A border crisis

As long as we have different political parties we will always have a difference of opinions.

A U.S. House congressional hearing was held recently in McAllen, Texas to discuss the current immigration crisis that has swept across South Texas – thousands of illegal immigrants making their way from Central America to the United States of America.

Texas Governor Rick Perry is adamant the flow of immigrants must stop.

“Unless the United States clearly sends the message that we are not going to allow this flow … it will be a deluge (of immigrants),” he testified at the hearing. “You can not come to the United States just because someone is handing out a flyer.”

The flyer he mentions refers to the rumors spreading throughout countries in Central America that if immigrants, especially women with small children, make their way to the United States they will be allowed to stay in the U.S.

I’m broken up over the issue.

I think I understand the plight of the women – thousands upon thousands of them – wanting to leave what they say are their battle scarred, cartel controlled towns. I have nothing in my life to even begin to comprehend what their families have endured.

A few weeks ago I drove near the bus station wondering if I’d find Central Americans arriving in the Valley. It didn’t take but a few seconds to find a group walking through town.

Four young women with eight small children. In one hand each woman held tightly to the youngest children and in the other they each carried backpacks and jackets.

That’s it. No luggage. No food. No car. No smartphone. No ear buds. Just 12 people 1000 miles away from home walking along a street in the Rio Grande Valley in the middle of a blistering South Texas afternoon.

This month the militia announced they’re coming to South Texas to “stop an invasion,” according to the Minuteman Project website. They’re looking for 3,500 non-militia volunteers for “Project Normandy.”

Oh dear Lord that’s all we need in the Rio Grande Valley … another influx of Americans making their way to the border.

Each time I read another story I wonder should the immigrants be allowed to remain in our country or should they be sent back to their own? Should the militiamen and others be allowed to stay in our communities or should we send them back to their own?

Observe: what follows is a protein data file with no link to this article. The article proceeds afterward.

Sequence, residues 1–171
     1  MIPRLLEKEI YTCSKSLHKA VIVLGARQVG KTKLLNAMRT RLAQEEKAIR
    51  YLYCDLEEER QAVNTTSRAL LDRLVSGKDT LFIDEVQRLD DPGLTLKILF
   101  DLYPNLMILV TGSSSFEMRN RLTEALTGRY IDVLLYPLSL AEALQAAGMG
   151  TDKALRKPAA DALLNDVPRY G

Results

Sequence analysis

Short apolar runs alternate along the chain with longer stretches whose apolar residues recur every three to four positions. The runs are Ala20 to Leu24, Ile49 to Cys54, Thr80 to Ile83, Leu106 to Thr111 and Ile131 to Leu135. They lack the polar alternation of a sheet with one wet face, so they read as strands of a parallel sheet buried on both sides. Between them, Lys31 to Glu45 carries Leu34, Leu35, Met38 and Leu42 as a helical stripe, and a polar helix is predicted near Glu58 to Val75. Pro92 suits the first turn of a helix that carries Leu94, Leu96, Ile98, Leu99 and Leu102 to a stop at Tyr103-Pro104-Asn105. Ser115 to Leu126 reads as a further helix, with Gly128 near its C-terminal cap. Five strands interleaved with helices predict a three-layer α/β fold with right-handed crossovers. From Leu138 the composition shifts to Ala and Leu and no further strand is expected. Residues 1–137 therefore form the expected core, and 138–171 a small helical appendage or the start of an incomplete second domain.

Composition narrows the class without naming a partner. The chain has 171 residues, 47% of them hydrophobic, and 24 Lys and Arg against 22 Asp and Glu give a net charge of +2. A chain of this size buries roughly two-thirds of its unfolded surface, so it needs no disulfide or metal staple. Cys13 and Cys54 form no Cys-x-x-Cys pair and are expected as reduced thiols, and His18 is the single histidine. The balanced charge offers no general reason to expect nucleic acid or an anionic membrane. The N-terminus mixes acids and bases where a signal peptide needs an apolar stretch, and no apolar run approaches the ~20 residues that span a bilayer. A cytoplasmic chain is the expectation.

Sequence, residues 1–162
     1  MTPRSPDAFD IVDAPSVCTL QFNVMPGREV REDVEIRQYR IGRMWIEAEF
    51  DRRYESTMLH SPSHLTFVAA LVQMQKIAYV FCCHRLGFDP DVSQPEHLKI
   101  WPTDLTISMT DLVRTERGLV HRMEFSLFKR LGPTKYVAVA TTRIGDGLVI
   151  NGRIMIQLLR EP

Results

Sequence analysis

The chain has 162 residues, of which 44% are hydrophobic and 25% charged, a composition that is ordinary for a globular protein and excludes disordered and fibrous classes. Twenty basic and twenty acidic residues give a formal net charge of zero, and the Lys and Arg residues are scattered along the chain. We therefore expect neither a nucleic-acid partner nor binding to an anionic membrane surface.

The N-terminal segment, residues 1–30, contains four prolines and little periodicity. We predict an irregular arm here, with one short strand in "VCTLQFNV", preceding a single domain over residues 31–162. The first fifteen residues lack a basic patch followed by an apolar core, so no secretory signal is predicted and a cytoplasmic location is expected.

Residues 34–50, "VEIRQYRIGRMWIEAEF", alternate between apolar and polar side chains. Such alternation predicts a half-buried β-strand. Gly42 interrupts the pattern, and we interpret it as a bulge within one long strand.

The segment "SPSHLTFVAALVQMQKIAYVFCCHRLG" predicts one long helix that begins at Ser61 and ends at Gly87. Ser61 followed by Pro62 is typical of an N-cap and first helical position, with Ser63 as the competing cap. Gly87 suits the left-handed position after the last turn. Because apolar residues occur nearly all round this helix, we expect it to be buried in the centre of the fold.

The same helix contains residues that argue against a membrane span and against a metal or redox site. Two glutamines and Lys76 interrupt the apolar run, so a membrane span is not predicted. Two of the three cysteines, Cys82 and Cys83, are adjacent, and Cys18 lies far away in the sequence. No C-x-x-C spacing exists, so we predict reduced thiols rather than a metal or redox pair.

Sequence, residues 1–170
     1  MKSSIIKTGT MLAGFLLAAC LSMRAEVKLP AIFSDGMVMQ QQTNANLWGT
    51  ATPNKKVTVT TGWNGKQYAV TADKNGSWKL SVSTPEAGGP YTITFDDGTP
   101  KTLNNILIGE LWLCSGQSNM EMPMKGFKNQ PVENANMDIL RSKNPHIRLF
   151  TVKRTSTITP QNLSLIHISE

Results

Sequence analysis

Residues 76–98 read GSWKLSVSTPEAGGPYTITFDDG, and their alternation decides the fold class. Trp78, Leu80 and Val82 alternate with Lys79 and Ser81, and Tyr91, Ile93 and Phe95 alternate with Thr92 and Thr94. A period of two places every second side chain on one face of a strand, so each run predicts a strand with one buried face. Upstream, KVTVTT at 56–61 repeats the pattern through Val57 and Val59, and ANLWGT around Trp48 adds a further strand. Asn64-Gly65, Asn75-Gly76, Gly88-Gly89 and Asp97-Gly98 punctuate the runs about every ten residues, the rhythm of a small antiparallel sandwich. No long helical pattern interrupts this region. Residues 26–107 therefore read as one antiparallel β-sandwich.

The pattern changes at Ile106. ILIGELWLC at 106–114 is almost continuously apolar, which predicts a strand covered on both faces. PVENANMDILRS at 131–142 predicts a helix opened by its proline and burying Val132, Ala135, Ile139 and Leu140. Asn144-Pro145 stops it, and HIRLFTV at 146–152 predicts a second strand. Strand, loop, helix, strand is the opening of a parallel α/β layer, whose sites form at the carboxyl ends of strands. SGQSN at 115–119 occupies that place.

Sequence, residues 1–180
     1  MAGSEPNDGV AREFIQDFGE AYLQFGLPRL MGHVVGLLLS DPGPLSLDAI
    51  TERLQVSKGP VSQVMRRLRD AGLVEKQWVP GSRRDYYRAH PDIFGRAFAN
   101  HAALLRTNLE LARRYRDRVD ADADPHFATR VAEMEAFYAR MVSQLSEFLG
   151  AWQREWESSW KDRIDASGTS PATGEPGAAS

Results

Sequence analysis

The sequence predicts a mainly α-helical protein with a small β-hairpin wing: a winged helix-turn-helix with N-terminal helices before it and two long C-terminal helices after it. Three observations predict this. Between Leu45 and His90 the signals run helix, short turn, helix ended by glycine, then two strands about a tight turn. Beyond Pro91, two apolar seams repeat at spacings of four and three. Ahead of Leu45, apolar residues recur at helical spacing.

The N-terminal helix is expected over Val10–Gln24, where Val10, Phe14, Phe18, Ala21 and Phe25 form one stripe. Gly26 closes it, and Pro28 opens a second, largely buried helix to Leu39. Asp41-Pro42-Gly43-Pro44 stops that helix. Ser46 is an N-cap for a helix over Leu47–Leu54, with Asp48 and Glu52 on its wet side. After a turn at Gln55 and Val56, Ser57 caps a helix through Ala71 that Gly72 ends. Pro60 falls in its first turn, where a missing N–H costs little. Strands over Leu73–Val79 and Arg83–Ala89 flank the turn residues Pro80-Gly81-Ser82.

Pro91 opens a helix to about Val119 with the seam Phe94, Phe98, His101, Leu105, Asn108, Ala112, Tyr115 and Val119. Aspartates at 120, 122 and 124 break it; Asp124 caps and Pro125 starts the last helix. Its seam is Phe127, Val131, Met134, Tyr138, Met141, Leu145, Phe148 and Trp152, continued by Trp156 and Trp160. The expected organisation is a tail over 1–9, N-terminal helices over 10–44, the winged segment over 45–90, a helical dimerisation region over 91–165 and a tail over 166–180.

Praying to Pancho Villa?

image I understand the power of prayer. It is part of my daily life. It is how I was raised. We went to Catholic school as children. We had to say our prayers during class and the nuns had us go to confession often.

Growing up my grandmother always kept an altar in her bedroom with a large statue of La Virgen de Guadalupe,ย  a rosary and pictures of loved ones. She always hadย  a candle burning as part of her faith.

But I am certain none of those candles ever had an image of Pancho Villa. La Virgen – yes. St. Jude – surely. Jesus Christ – definitely! But Pancho Villa is a definite no.

I came across these candles in the one tiny store you’ll find in Lozano, Texas. It is a community off the beaten path. The store had candles like my grandmother used, but right in the front it had these red candles with Pancho Villa.

I’m certain my grandmother never would have said her prayers to Pancho Villa even though my dad, her oldest son who was named after her brother, was nicknamed Pancho.

A drive along the border

South Texas clouds It was a beautiful day in South Texas today, so I told my mom to get in the truck and we took a long drive out in the country.

I drove the Military Highway which borders the Rio Grande – the river that separates the U.S. from Mexico.

In the distance you could see the Border Patrol and the security towers that mark the river’s edge.

Ready for a Mexican Easter celebration?

You can’t have a family Easter along the Texas-Mexico border without dozens of cascarones.

What are they you ask? Colorful egg shells filled with confetti that you’ll crack on everyone’s head.

In the Rio Grande Valley of Texas there’s three ways to get a hold of cascarones.

The traditional method is to start saving the egg shells months ahead of the holiday. Each time you make breakfast, you gently crack the egg shell on the pointy top and peel back a small circular section of the shell. Shake out the egg, rinse the shell and set the shell aside to dry.

When you make breakfast the next day you’ll do it all over again. Maybe you baked a cake for work or cupcakes for your children. Save those shells as well. You’ll soon realize you’ve got several dozen egg shells.

A few days before Easter get your family together and dye the eggs. You can buy prepackaged dye kits, use food coloring or just let the kids go silly with markers. Fill the eggs with confetti, put a dab of glue along the edge and seal them with a piece of colorful tissue paper.

But like all things the Easter tradition has changed for many families. If you’re watching your cholesterol and might not eat a lot of eggs. Maybe you forgot to save them or just don’t have the time. That’s when you can visit your local grocery or discount store and buy the eggs already painted and filled with confetti. For less than $2 a dozen you’ll have the same fun as if you’d dyed the eggs yourself.

Option number three is paying the people at the street corner for cascarones.

That’s right. In the Rio Grande Valley lots of folks save egg shells all year long. Others collect them from restaurants or friends and family. They color and fill the eggs and then sell them at busy intersections a few days before Easter. For about $6 you can buy a tray of 2.5 dozen ready made confetti eggs.

However you get your cascarones, trust me everyone will have fun!

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